The authors have analyzed several hundreds of hoots recorded from 17 territorial males and demonstrated that the pitch of the vocalization reflects the body weight of the male: the heavier the male, the lower the pitch of his hoots. In order to see whether this information is actually used by male owls during territorial interactions, the authors conducted a series of playback experiments (commonly used in studies of animal communication in order to assess the function of vocal signals), monitoring the reaction of subjects to the broadcast of vocalizations.
To do this they modified the pitch of several hoots, creating stimuli that mimicked the hoots given by males from a range of body weights. They then played back these recordings to males with established territories, and observed and quantified their response (a combination of approaches and vocal responses). The results show that male owls respond more strongly to the high-pitched calls that simulate lighter individuals, confirming that territorial males attend to pitch information advertising body weight in the calls of their competitors. The authors also found that the territory owners give slightly lower pitched hoots in response to calls mimicking heavier males, probably indicating that they attempted to sound heavier when challenged by more threatening individuals.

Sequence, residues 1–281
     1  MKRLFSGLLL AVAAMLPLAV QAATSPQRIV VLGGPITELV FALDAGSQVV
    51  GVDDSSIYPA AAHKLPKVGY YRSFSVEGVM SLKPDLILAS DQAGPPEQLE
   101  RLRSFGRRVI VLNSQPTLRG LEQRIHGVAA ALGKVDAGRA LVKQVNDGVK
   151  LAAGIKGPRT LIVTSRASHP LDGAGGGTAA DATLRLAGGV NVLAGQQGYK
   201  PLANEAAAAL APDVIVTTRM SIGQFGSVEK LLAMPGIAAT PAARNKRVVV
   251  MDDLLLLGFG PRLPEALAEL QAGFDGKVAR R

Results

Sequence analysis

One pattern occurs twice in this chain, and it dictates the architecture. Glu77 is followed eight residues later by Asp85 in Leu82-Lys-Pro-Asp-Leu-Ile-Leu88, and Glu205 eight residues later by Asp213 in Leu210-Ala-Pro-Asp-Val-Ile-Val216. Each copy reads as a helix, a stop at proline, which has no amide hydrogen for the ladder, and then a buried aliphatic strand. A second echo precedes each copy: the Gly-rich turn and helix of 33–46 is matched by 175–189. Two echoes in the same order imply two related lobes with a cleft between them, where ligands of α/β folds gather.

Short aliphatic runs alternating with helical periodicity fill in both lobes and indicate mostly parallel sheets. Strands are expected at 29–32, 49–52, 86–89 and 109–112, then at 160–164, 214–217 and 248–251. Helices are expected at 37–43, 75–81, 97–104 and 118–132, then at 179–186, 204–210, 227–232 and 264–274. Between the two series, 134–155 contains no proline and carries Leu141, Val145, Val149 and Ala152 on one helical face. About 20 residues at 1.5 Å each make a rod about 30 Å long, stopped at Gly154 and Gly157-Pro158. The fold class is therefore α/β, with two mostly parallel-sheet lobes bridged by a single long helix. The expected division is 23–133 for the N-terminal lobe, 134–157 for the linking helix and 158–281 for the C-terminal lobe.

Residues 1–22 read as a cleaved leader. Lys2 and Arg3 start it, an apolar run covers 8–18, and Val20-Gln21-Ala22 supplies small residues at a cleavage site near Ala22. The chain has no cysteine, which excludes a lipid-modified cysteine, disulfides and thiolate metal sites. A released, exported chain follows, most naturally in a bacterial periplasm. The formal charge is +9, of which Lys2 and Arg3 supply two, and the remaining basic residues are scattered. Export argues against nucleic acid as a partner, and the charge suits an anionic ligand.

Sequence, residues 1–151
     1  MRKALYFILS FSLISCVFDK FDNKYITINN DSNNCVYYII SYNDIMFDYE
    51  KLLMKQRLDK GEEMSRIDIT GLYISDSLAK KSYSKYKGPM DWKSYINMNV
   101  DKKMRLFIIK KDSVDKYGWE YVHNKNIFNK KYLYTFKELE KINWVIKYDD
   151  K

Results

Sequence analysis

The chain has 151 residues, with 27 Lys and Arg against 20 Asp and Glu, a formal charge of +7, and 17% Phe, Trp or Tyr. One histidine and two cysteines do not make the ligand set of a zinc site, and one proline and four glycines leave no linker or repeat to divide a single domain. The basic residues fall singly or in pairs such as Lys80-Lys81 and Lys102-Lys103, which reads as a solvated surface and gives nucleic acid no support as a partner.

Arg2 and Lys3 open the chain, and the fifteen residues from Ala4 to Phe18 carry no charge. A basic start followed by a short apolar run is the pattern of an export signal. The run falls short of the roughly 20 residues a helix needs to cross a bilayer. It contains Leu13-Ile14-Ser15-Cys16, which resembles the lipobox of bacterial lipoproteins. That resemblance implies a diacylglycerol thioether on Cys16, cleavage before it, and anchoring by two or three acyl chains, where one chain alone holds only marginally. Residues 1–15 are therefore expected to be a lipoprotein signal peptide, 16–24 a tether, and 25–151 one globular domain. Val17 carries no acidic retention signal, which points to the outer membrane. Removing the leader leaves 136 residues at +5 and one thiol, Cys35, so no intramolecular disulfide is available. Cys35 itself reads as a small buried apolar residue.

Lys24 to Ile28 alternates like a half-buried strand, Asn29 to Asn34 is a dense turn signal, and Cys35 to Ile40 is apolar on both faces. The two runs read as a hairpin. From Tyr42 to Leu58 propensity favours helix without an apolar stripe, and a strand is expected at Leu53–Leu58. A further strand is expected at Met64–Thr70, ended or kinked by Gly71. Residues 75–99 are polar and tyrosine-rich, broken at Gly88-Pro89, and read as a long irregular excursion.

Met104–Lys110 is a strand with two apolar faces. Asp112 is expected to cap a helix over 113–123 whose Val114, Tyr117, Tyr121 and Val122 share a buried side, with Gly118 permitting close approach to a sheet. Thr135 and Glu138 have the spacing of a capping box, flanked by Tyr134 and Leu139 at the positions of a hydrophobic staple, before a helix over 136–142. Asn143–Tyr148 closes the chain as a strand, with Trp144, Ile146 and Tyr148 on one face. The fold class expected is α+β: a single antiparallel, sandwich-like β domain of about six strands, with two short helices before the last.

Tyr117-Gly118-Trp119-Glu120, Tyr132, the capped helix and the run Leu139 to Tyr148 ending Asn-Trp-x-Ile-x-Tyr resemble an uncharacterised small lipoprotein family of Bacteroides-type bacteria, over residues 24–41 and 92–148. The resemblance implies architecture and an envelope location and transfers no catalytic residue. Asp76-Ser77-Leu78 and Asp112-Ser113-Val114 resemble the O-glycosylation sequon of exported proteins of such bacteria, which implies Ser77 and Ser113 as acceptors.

"The fact that owls are essentially active during the night puts a strong emphasis on acoustic communication as a means of assessment, both during male competition and during mate choice," says Loïc Hardouin who recently completed a PhD on acoustic communication and territoriality in owls. "The next step is to see whether females use these quality cues when they choose their mating partner."
You can find the abstract here.